Images

8. Images (Robert Altman, 1972)

Images might not immediately strike one as a genre exercise, as it’s a subjective dramatization of a fragile woman’s psyche, following a famous children’s author, Cathryn (Susannah York), as she seemingly loses her mind and commits murder. Utilizing a fractured narrative, the film proffers an unreliable reality that underscores the greater tenuousness and chaos of human existence writ large. It’s an art film that follows a codified set of traditions that were particularly in vogue in the ‘60s and ‘70s. Robert Altman is less interested in emotion and psychology than in emotional and psychological gamesmanship—in mind-fucking that has a rich tradition in the more obsessive and political films of Luis Buñuel, Ingmar Bergman, Roman Polanski, and Joseph Losey, to name just a few of Images’s influences. Bowen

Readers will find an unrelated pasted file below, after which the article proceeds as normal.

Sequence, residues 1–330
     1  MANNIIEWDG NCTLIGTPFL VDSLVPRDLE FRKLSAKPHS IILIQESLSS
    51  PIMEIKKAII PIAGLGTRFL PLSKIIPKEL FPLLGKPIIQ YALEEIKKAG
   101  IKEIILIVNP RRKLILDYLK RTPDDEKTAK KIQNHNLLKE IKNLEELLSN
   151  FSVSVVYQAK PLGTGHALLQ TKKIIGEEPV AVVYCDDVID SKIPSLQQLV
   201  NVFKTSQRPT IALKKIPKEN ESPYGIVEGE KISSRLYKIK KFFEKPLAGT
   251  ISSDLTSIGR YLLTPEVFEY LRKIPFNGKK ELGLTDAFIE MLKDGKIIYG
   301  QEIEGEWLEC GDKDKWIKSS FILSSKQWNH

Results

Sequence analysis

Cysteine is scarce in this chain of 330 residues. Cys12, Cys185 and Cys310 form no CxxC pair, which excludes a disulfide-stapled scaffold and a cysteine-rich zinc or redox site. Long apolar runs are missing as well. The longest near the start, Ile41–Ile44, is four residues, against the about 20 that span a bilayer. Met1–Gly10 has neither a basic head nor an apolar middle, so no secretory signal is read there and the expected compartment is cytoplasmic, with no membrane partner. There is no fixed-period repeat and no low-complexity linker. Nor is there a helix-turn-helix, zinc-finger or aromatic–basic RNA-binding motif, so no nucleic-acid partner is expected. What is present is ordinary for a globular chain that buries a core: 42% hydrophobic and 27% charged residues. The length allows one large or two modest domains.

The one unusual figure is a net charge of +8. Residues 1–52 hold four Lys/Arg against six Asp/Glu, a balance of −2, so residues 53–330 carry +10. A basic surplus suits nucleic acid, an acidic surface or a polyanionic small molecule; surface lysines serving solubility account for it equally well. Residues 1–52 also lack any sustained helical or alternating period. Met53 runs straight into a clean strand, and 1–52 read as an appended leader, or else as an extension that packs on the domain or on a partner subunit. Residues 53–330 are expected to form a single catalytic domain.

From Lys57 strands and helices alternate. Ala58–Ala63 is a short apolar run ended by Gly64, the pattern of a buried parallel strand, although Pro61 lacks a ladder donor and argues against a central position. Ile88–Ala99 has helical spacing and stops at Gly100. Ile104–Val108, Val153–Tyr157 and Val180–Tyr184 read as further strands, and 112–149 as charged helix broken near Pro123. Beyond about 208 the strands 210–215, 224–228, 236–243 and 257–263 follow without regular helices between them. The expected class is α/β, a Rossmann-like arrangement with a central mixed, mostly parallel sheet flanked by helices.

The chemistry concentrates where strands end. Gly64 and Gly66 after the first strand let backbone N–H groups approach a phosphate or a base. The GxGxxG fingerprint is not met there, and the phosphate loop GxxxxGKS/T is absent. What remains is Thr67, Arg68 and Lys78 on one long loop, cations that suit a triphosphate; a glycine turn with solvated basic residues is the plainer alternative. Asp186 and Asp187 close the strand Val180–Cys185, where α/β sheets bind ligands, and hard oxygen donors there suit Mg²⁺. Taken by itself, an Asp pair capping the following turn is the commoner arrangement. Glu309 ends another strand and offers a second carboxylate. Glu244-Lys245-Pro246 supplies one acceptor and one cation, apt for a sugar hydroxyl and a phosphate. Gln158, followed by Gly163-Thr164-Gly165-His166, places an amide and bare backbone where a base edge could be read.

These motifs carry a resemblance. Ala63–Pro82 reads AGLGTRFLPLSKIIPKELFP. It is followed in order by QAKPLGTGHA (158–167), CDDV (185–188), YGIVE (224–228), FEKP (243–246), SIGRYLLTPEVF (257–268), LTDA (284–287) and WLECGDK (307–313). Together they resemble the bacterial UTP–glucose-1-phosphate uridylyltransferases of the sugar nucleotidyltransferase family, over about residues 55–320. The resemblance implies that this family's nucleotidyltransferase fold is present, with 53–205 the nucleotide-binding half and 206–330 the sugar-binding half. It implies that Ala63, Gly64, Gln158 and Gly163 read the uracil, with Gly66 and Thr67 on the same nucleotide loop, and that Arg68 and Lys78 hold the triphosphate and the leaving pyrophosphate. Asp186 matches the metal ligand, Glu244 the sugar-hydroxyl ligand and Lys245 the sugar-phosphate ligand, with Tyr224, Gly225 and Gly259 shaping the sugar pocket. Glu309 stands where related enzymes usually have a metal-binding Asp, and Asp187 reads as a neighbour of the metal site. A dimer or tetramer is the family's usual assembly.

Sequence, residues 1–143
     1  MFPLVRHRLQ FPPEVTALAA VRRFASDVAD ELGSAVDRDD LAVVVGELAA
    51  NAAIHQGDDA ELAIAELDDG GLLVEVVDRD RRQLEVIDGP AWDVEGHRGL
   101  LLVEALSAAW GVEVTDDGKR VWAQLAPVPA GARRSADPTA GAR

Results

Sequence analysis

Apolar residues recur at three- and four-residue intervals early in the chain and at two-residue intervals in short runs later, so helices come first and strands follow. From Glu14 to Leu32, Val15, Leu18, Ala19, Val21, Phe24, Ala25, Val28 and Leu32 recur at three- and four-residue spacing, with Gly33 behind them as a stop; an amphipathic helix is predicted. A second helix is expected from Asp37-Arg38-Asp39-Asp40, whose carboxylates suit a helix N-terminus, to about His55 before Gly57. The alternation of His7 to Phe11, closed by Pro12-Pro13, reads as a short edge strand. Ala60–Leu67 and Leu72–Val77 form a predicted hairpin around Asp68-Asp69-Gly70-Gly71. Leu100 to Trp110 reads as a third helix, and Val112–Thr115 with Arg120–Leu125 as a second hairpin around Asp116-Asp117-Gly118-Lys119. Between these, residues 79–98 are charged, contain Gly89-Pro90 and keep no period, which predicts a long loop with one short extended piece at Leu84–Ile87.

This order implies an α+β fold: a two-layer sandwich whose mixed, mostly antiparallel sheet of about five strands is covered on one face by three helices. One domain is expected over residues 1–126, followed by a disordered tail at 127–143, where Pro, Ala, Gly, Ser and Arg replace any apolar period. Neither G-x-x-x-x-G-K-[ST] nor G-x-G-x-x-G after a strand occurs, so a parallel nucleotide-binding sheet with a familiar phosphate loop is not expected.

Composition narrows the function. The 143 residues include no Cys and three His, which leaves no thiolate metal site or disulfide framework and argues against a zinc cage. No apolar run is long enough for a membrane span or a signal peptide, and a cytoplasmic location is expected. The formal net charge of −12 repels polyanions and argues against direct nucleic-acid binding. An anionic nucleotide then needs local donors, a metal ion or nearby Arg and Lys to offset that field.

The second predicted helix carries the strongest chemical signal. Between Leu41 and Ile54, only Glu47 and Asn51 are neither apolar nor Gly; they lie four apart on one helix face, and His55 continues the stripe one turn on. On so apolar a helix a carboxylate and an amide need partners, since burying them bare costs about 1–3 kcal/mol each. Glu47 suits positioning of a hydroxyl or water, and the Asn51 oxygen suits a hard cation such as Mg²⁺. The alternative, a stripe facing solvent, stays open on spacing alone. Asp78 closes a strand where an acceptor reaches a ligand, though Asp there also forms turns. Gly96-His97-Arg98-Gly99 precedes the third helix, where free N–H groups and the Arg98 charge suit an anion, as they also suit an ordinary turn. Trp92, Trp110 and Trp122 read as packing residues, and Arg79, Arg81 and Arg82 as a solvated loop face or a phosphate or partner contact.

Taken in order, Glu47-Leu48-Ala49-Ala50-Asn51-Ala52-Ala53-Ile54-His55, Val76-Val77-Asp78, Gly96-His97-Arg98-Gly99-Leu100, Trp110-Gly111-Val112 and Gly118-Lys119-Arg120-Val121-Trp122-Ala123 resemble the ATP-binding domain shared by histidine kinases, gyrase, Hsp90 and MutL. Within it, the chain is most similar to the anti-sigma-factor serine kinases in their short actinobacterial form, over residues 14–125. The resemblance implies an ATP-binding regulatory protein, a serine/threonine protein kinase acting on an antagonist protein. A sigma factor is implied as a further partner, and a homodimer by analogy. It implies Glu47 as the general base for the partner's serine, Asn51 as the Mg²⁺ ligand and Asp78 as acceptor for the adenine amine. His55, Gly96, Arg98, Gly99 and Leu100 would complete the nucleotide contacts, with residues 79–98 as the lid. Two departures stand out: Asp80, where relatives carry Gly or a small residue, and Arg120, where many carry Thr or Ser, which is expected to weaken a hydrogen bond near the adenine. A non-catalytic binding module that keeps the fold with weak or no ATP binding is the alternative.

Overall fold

Deathdream

7. Deathdream (Bob Clark, 1972)

A grindhouse threnody for the Vietnam generation, Bob Clark’s emotionally overwhelming Deathdream is a raw nerve radiating pure shock and grief, as evidenced by the reunion of Faces’s Lynn Carlin and John Marley to play the parents of a young private who, after apparently dying in battle, returns to their doorstep. With echoes of “The Monkey’s Paw,” it gradually dawns on the initially relieved family that Andy’s purple heart may no longer beat, and yet he thirsts for blood, which would be horrifying enough if the film didn’t also seem to be suggesting that, whether soldiers return home from war decorated or draped by the flag, they never return as they were before. Henderson


The Tenant

6. The Tenant (Roman Polanski, 1976)